The German-French artist Edouard Baribeaud creates mysterious interiors and cryptic portraits deeply rooted in the history of European art and culture. His works not only unite diverse styles, they allow the everyday to become mythical. In the process, Edouard proves himself a skilled and brilliant storyteller who leads us into imaginary scenes somewhere in between West and East.
"I try to incorporate the motifs, stories, and myths I gather on my travels into my works, combining them with scenes and objects from everyday life," explains Edouard.
The young artist has playfully mastered all of the classic techniques (ink, watercolours, gouache) and he succeeds in creating effective stages. His themes include interpersonal relationships, individuals and their place in society, isolation, life, and death. Even though his heroic stories appear to date from antiquity, the drama in them could not be any more contemporary, allowing the viewer a great deal of room for interpretation.
"Actually, I wanted to illustrate children’s books. Even as a child, I loved books. My biggest role models were Michael Ende and Tomi Ungerer. While studying illustration and print graphics, I was able to intensify this passion. After graduating, I wanted to work more freely in the fine arts and create stories without having to tell them all the way to the end."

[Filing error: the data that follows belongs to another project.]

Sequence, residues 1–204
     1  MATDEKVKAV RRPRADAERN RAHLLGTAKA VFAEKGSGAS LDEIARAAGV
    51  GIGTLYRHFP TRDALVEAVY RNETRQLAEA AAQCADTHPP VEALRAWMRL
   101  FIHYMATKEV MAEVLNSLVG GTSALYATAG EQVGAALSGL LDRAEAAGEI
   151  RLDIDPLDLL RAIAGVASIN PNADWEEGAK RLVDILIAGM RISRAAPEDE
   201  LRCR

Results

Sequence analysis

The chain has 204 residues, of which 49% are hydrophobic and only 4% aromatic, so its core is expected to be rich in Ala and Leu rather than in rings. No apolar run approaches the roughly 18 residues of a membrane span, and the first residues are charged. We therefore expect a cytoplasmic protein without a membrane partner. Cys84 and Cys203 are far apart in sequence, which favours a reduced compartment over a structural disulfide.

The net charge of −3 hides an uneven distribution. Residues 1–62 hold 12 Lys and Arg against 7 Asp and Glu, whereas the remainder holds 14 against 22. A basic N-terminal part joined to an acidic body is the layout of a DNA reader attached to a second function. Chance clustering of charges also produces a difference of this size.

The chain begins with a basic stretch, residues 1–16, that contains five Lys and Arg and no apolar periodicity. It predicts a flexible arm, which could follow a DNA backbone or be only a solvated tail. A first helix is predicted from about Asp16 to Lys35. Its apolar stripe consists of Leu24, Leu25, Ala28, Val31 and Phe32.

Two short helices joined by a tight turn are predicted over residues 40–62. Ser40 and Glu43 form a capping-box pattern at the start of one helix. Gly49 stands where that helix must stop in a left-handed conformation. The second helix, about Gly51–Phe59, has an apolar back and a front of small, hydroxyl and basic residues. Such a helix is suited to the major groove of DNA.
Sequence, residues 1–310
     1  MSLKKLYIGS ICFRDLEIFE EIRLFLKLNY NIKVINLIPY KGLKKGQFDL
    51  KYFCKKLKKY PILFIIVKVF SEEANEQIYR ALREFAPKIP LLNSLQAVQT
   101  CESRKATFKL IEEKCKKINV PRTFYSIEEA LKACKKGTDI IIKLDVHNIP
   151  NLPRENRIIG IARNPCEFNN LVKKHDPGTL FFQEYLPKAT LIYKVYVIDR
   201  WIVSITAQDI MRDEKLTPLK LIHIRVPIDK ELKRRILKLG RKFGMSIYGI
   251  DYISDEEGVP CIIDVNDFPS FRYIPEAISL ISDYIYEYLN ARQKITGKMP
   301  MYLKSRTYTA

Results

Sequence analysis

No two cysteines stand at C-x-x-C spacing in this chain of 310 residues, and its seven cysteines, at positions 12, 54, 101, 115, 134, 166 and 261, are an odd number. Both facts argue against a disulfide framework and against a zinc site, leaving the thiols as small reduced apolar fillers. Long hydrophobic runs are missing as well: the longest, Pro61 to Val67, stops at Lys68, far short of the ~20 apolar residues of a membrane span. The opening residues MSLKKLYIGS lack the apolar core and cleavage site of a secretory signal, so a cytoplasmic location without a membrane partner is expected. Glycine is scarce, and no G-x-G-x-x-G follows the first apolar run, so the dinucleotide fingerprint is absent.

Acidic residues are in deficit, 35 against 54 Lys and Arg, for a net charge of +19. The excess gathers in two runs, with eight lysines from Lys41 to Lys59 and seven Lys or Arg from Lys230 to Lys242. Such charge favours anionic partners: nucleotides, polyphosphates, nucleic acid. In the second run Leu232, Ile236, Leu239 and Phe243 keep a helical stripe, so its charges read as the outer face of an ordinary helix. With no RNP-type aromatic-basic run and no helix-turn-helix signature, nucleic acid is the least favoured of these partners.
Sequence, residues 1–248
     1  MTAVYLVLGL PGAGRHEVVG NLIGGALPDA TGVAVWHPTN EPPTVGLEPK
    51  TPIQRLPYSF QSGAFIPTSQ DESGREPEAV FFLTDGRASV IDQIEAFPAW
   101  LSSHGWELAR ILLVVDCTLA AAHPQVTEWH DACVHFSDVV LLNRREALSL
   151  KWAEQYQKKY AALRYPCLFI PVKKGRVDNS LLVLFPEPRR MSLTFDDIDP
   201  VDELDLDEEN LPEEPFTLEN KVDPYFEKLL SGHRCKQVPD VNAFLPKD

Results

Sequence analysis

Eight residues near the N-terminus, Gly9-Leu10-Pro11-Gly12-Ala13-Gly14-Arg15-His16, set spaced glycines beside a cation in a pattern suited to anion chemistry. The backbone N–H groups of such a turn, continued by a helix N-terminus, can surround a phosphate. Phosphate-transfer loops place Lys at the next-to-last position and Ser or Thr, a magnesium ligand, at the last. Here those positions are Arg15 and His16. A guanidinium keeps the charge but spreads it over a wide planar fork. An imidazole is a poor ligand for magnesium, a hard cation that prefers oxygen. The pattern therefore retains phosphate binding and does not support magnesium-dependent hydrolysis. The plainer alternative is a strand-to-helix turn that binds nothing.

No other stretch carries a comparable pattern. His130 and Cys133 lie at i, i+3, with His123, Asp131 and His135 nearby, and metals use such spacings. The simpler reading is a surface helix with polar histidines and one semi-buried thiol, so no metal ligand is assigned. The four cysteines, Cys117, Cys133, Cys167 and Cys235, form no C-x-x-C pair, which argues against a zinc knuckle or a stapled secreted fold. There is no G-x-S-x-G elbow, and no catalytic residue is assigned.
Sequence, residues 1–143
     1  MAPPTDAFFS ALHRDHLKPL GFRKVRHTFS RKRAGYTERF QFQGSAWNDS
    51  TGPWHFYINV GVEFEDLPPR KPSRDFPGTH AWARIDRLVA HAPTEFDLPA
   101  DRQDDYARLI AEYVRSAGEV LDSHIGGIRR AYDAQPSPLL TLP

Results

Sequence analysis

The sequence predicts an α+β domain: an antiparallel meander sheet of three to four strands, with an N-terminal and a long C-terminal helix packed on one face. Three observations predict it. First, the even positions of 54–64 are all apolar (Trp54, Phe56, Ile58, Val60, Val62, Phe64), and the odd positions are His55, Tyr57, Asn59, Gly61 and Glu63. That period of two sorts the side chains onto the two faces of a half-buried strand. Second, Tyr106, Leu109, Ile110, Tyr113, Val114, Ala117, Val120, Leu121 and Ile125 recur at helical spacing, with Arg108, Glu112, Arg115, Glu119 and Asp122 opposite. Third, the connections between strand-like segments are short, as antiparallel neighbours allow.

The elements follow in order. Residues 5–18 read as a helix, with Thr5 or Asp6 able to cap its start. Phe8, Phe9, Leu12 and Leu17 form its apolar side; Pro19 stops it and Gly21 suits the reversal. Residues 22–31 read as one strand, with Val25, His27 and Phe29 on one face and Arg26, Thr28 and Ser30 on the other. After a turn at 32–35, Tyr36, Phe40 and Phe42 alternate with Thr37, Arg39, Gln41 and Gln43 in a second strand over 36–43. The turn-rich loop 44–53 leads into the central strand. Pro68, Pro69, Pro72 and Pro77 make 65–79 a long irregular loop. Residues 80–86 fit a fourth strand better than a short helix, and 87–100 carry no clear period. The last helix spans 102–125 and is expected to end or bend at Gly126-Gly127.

Now you enjoy viewing his work in a new monograph and art book entitled Edouard Baribeaud, which features three groups of works, amid essays by Imran Ali Khan, Pay Matthis Karstens, and Sabine Thümmler. It also presents the silk cloth designed by the artist for Hermès’ current fall collection. It is based on his watercolour Acte III, Scene I, La Clairiere, inspired by Shakespeare’s A Midsummer Night’s Dream. With this, Baribeaud follows in the steps of renowned artists such as Hiroshi Sugimoto, Kermit Oliver, and Alice Shirley.